"My blood pressure was soaring and almost impossible to control," Bostick remembers. "Honestly, if I hadn't gotten help with our credit card debt I probably would have had a stroke."
At the time, Franny and Jim Bostick had accumulated more than $120,000 in debt on 13 credit cards. The amount had accumulated during more than a decade of spending beyond their means.
Bostick says they simply got in the habit of buying anything they wanted. "We spent money on eating out, new appliances, new clothes and gifts for our kids," says Bostick. "We went on vacations and used plastic to pay for everything."
The Not-So-Golden Years
At an age when most people should be preparing to retire, the Bosticks were worrying about paying the next month's bills. Bostick says their finances were so precarious that they had started using credit cards to pay for their groceries and utilities -- and even using one credit card to pay the bill for another.
Unfortunately, while the Bosticks' debt was extremely high, it's not unusual for older Americans to carry a credit card balance.
According to a Demos.org study in 2012, "Older Americans have the highest average balances of any age group, with those 65 and over holding $9,283 in credit card debt."
The Turning Point
Bostick says she was never late on a payment and so creditors hadn't started coming after them. Still, she spent many sleepless nights worrying about how they would pay off the balances on their baker's dozen cards.
She says she and her husband never considered declaring bankruptcy because they knew they had used the money for their own pleasure and felt obligated to pay it back.
Because she was embarrassed by their level of debt, Bostick says she waited for almost a year after learning about the Housing and Credit Counseling agency in Topeka, Kan., before making an appointment for counseling.
"I used to joke with my kids that the only thing they could fight over after we were gone would be who would pay the credit card bill. But they never knew how bad it was until after we had paid it off," says Bostick.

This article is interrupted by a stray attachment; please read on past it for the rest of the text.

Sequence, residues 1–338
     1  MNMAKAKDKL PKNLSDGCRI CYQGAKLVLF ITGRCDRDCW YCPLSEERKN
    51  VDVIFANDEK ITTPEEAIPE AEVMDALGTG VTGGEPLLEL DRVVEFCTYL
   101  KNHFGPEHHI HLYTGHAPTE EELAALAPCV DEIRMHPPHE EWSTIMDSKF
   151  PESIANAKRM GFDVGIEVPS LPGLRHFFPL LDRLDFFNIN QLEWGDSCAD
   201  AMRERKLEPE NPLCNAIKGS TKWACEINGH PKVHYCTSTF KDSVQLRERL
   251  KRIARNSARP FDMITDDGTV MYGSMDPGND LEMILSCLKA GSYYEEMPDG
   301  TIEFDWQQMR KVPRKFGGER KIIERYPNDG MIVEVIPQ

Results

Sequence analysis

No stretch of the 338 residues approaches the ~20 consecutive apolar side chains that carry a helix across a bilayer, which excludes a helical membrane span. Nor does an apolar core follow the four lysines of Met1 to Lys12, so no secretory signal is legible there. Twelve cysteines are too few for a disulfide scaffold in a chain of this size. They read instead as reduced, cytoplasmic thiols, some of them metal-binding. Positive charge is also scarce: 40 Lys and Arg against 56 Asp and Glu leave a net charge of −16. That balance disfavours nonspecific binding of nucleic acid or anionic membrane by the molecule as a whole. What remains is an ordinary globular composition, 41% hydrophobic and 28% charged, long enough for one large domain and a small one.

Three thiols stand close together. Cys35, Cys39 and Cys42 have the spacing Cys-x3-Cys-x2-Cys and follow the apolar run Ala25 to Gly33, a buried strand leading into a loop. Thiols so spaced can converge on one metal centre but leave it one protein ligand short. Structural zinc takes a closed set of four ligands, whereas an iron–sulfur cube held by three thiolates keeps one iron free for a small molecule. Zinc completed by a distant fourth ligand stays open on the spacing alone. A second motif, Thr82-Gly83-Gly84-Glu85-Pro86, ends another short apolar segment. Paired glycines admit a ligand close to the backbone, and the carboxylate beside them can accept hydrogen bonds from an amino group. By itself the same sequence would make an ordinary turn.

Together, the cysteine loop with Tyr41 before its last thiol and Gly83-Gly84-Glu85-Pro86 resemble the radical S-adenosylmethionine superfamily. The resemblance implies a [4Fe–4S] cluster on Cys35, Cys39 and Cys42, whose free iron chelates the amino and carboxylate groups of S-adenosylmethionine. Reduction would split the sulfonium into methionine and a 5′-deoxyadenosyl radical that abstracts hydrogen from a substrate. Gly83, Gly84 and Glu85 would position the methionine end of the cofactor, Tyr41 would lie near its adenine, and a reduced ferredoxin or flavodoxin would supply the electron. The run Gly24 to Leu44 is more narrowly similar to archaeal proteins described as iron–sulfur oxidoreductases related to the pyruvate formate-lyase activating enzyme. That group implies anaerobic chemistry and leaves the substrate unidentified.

The Reality of 'Working It Off'
The Bosticks put themselves on a tight budget and paid $2,496 per month for nearly five years to pay off their credit card balances.
Jim Bostick was able to work 30 hours per week delivering auto parts to contribute to the household budget. Franny Bostick has been working at Kansas State University for 30 years, currently as a custodial supervisor.
On top of an already long work day at the University -- 7:30 a.m. to 4 p.m. – Franny took on a part-time custodian job in order to bring in additional income to pay off their credit card debt. For four hours a night, four nights a week, she cleaned buildings in the local school district.
On top of those two jobs, Bostick started an Avon business.
"Someone with a really good Avon business moved and gave me some of her customers, which really helped me get that business going," she says. "Now I've brought my daughter on as a partner to keep up with the customers."
Balancing Act II
After three years of working at all three jobs, the success of her Avon business and a promotion and raise at the university enabled Bostick to give up her night job.
Still, despite the income boost, the Bosticks looked for more ways to cut their spending wherever they could.
They stopped eating out except for an occasional hamburger, eliminated vacations except for a trip in their camper to a nearby lake, and cut back on cable TV and Internet services. "I learned to clip coupons and to bargain shop," says Bostick. "I started shopping in stores that I wouldn't have been caught dead in a few years ago, and you know what? They have just as good products as the fancier stores."
The Bosticks now have a rule that if they want to spend more than $50 on anything, they have to go home and think about it. "We usually realize it's something we don't really need," she says.
A Bittersweet Future
Now that their credit card debt has been paid off for more than a year, Bostick says she has been able to build an emergency fund. And not only is her health better, but her credit score has improved by about 100 points.
Unfortunately, her husband's dementia has worsened over time, so Bostick says he doesn't fully understand the relief she feels and the depth of their accomplishment in overcoming their debt crisis.
However, soon Bostick will be able to spend more time with her husband. "I always thought I'd have to work until I was 80, but now I can actually retire," she says. And she's already set the date: 12/12/12.
Michele Lerner is a Motley Fool contributing writer.